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“At the end of the day, action is seen,” Reynolds said. “You can talk, you can yell, you can be [making] a lot of hoopla, be very vocal. But if you’re not producing, nobody’s going to follow you. They’re just going to hear what you say and move on.”

Always a leader by example, Reynolds enters this season also focused on leading with his words. He is not a team captain, but he has been noticeably more vocal in practice, Niumatalolo said. That emphasis has both carried over into the locker room and brought another level of clarity and command to the field.

“He’ll get us into the right play, time management with the game clock and whatever we need to do,” Copeland said. “He knows all the calls, he knows the receivers’ routes, he knows everything on the offense. He can see that and check us into the right play.”

The Heisman talk surrounding Reynolds has picked up as Saturday’s game has approached. Roger Staubach, who was Navy’s last Heisman winner in 1963, told USA Today this week that Reynolds “should be in that conversation.” And others, including 1995 winner Eddie George, have passed along their own advice for navigating the hype.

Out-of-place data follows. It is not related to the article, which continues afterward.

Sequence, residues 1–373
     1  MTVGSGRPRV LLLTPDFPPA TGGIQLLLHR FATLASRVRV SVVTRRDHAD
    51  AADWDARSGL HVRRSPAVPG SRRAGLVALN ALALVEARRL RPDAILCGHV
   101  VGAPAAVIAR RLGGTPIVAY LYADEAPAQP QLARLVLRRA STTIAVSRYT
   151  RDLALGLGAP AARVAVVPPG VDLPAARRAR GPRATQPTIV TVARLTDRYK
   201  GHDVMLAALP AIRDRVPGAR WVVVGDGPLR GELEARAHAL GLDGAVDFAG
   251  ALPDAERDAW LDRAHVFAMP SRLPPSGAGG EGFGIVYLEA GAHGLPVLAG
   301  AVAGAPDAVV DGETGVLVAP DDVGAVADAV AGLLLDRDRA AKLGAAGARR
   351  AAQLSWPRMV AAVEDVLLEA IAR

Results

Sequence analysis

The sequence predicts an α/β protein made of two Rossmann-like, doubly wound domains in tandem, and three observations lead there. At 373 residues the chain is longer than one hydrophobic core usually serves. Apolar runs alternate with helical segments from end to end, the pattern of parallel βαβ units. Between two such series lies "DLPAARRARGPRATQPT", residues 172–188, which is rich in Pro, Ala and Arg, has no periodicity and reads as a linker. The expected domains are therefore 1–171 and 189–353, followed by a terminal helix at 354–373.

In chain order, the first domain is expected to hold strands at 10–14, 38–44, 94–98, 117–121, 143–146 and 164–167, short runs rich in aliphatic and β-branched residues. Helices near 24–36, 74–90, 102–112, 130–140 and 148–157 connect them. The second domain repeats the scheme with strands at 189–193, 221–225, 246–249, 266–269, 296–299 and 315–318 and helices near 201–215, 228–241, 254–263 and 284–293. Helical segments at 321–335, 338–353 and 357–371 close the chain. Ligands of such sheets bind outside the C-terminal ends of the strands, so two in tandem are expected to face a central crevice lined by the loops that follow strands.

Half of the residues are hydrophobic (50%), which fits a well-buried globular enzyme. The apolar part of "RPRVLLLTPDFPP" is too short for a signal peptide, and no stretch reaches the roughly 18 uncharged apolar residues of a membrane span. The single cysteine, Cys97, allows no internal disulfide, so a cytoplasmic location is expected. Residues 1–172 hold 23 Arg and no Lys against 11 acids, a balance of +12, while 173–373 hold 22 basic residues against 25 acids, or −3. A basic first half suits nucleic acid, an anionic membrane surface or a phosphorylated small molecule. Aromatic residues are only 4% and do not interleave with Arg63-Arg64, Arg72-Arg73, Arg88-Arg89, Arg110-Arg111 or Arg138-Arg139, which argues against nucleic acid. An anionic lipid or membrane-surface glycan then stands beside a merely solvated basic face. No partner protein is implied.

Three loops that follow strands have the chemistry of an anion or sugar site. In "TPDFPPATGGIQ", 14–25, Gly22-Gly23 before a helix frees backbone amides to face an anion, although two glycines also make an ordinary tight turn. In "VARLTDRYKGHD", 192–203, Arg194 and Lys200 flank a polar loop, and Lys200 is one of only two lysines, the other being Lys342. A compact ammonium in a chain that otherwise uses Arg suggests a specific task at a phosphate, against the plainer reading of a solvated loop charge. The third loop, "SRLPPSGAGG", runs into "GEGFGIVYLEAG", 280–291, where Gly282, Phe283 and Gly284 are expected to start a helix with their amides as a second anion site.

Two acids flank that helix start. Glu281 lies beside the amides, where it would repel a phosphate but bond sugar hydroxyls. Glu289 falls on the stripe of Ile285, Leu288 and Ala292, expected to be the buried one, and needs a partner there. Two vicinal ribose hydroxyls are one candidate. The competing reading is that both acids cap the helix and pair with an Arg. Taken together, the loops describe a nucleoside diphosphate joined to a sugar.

George met Reynolds‘ father, Donnie, at a youth football league in which Donnie Reynolds coaches and George’s son plays. His words of wisdom? “Just play. I just played. I didn’t think about it.”

Reynolds says he’s dealt with the hype in the same way he’s dealt with being a leader: by focusing on his production, and nothing else.

“I could come out on Saturday, lay an egg, and all the Heisman talk, the preseason hype — it’s gone,” Reynolds said. “I accept it. I’m thankful for it. I’m grateful for the attention I’ve received over the offseason. But at the end of the day, I’ve done nothing in 2014.”